No not yet. But cities like San Francisco and Lawrence are definitely doing their part to decrease greenhouse gas emissions.
The city of Lawrence recently added three new hybrid diesel-electric buses to their public transit fleet. The 40-foot buses operate similarly to a hybrid car — a bank of batteries largely power the machine when it is operating at low speeds, while the diesel engine recharges the batteries and helps the bus operate at higher speeds.
According to the SFMTA website “The San Francisco Municipal Transportation Agency (SFMTA) has the goal of reducing its fleet greenhouse gas emissions to thirty percent below 1990 levels by the year 2012 and becoming 100 percent emission-free by 2020.” SFMTA recently purchased 86 Daimler-Chrysler Commercial Buses of North America (DCCBNA) Orion VII low floor diesel hybrid electric buses (DHEBs).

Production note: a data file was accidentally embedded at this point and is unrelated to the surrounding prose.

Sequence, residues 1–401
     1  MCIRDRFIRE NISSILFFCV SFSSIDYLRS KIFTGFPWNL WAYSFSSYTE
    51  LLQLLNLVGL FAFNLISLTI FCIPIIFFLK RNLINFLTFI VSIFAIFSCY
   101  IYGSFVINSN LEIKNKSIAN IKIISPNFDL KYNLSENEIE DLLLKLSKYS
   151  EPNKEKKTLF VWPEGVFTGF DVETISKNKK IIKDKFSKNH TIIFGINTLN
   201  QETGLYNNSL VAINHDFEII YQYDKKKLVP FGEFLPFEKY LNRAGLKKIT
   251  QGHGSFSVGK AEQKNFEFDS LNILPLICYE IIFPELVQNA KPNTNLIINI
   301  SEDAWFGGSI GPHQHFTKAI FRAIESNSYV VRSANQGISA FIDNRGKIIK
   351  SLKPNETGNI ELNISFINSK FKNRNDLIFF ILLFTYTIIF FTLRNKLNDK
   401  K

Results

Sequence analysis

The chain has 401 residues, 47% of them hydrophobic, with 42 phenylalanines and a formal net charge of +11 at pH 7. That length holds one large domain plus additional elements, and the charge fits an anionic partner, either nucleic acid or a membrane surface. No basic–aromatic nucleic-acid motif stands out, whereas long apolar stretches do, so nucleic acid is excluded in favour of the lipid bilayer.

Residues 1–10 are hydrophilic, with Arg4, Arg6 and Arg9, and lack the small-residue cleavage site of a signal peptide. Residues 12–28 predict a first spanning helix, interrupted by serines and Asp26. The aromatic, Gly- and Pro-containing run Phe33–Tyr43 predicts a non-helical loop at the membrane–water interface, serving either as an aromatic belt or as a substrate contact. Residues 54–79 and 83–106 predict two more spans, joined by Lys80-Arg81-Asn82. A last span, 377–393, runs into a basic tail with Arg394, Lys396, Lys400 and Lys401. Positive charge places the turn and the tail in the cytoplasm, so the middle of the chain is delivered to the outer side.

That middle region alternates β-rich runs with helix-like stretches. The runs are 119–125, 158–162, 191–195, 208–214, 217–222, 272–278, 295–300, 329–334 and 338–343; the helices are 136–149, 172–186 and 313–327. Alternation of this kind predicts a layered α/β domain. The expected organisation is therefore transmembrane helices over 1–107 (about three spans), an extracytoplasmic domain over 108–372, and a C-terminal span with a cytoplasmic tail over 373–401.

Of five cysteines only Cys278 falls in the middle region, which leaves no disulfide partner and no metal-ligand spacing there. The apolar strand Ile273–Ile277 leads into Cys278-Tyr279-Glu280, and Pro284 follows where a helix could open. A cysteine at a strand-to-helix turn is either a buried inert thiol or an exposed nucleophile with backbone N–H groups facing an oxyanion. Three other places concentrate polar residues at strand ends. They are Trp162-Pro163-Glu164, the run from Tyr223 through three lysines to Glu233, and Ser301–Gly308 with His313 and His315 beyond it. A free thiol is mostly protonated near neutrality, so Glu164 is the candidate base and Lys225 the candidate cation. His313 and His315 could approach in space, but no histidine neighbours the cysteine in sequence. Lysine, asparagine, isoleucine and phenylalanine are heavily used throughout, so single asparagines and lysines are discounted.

As “necolepe” informs us, fully electric buses have taken a backseat to hybrid buses in that market. Fully electric buses have an initial cost of about 50% more than a standard bus and they require recharging stations. This high initial cost is most likely the source of hesitation towards using electric buses. Although, once employed it would certainly be a cheaper option because the cost of fuel would be eliminated. There are hybrid and electric engines that use kinetic energy generated from braking, by storing the energy and releasing it for the next acceleration. With energy-conserving technology like that the bus may not require much recharge throughout a day of service. Electric buses have the potential to play a large role once initiated.
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